The most secretive bitcoin startup claims that the new service will enable users to carry out transactions in digital and fiat currency and even lend credits.

According to the patent filing, 21 Inc applied for a patent back in 2015. The summary describes the project as

“A system and method for the secure online storage of digital currency or crypto-currency assets, and the secure use of stored online digital currency assets for financial payment transactions and credit lending transactions in either digital currency or fiat currency.”

The company describes many features of the digital currency storage it plans to build. In particular, the patent pays close attention to credit cards. Clients of the new platform will have the option to attach a credit card to their 21 bitcoin accounts and to receive credits from “a distributed peer-to-peer network of credit lenders and investors managed by the vendors online server network.”

Another key feature of the storage will be a new system of digital wallet security, claims 21 Inc.

“In contrast to conventional online digital wallets the novel spliced/paired digital wallet design involves the private software key being separated or spliced into two separate smaller keys that can only access the contents of a digital wallet when paired together, but cannot access a digital wallet separately by themselves. The concept is for the customer to retain one spliced private key and the card issuer, wallet vendor or digital bank to retain the other spliced portion of the private key for trusted payment processing and storage backup services.”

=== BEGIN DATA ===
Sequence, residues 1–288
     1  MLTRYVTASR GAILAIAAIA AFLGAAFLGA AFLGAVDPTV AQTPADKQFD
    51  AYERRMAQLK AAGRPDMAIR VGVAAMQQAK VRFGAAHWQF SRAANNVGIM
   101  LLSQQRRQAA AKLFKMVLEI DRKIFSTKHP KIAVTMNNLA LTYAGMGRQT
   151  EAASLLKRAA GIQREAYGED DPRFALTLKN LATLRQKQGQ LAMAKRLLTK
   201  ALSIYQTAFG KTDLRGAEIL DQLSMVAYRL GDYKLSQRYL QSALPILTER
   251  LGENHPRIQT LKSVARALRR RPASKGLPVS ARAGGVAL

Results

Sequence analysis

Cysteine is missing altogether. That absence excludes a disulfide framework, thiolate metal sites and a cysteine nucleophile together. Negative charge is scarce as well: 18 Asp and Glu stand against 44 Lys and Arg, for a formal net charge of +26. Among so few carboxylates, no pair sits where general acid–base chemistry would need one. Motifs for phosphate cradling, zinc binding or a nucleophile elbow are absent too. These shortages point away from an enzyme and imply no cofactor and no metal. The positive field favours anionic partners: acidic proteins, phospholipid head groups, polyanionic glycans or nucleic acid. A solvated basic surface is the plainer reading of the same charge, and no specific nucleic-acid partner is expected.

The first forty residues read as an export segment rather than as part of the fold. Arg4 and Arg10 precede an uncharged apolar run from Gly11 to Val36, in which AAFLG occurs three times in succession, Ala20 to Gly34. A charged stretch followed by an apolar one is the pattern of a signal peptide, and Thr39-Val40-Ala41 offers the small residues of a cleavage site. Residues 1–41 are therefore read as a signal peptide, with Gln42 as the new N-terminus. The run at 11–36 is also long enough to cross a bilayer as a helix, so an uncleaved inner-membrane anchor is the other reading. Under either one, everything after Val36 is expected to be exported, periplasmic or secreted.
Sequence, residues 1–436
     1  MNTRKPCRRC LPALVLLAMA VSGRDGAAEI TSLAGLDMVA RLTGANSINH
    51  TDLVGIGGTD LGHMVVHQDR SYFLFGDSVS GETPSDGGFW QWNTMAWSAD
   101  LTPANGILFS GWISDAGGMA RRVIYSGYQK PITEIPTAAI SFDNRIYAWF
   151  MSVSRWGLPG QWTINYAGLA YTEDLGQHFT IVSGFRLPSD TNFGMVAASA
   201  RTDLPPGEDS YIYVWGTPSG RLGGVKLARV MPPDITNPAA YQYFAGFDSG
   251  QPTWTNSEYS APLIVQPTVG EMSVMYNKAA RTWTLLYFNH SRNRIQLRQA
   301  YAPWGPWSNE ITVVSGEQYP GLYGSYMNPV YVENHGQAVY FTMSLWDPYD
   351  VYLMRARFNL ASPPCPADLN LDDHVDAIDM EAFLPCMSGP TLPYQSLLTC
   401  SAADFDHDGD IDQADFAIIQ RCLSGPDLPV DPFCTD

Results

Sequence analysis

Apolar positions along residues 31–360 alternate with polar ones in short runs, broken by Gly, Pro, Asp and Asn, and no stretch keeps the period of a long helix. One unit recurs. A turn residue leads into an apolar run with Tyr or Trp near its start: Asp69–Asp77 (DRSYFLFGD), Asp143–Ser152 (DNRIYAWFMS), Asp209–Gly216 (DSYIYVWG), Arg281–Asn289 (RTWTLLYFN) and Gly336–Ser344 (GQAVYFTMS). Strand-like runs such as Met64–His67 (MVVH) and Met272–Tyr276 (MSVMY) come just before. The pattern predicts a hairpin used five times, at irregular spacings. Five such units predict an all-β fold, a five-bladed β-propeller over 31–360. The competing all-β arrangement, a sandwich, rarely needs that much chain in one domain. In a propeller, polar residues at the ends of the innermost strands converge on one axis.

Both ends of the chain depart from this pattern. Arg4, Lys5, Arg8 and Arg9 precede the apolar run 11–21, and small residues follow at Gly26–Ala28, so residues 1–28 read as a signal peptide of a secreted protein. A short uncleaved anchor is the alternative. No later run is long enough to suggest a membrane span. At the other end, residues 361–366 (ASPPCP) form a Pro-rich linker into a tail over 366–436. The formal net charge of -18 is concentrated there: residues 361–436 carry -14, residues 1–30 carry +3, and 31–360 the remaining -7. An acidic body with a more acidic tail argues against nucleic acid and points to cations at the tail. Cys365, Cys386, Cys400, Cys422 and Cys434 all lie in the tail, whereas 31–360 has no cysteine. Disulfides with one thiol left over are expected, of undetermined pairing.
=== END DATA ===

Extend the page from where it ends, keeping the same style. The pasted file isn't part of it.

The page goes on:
What platform describes as a novelty is, actually, the two-factor identification, the usual feature of many digital currency wallets. However, it is probably the first time a bitcoin or blockchain company includes a description of the two-factor authentication in a US patent application.

The bitcoin company 21 Inc was founded by a group of MIT graduates. In 2015, it attracted the attention of bitcoin community after having secured over $40 million of investment. In May 2015, 21 finally disclosed their inventions to the public. The developers created a device allowing users to turn any electronic equipment into a bitcoin miner.

Presently, the company produces bitcoin miners, as well as explores new ways of using them. In June 2016, 21 suggested users to turn their mining devices into climate sensors and sell received data to interested parties. The number of customers who actually followed the instructions is unknown, however, the idea captured the interest of bitcoin enthusiasts.

Roman Korizky